Most of the reviews for this film that I have seen–both from professional reviewers as well as the IMDb set–have been…well, less than generous. In fact, the reviews have been absolutely terrible. So it was that I sat down to watch the latest zombie flick from the Grandaddy of zombie flicks himself, George Romero, hoping for the best but inwardly dreading what most people are apparently considering a filmic disaster.
This film, the sixth in Romero’s 40+ year zombie saga, takes place six days after the first zombie rises from the grave (so less than a week after Night of the Living Dead occurred) and only two or three days after the events in Romero’s last zombie flick, Diary of the Dead. It follows the National Guard characters introduced in Diary as they try to figure out the safest path to follow in a rapidly devolving world.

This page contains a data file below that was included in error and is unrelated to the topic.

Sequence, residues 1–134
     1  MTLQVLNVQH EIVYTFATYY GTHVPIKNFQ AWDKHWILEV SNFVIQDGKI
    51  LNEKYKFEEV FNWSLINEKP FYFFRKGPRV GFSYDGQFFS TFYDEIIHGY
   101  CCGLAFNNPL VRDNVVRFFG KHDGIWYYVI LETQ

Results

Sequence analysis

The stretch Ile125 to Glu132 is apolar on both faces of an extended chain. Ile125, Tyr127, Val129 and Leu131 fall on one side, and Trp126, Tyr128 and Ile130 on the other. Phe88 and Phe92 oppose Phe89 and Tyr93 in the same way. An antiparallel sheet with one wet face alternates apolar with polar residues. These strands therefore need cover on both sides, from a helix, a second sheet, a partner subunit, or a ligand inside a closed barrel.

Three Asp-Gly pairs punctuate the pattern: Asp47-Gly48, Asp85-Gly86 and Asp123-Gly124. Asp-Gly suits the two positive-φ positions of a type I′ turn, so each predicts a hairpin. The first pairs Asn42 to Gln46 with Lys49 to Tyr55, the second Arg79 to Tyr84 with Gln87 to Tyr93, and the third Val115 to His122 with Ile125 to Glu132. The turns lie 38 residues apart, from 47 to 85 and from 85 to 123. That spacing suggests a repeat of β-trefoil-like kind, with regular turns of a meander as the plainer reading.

The soldiers make their way to Plum Island, being advertised as a safe haven over the few airwaves that are still active. But unbeknownst to our soldiers, there is a Hatfield-McCoy-type feud between the O’Flynn clan and the larger and more powerful Muldoon clan on the island. It seems that the Muldoons are a God-fearing clan that believe they should try to "teach" their zombified family members social etiquette until a cure is found for their "disease" while the O’Flynn’s philosophy is more realistic: kill the zombies–even their own undead family members–or be killed by them.
The soldiers decide to stick with the O’Flynn family, thus setting up a climactic battle between the two families as well as a large number of the undead who are set loose after being kept like livestock by the Muldoon clan for their various experiments.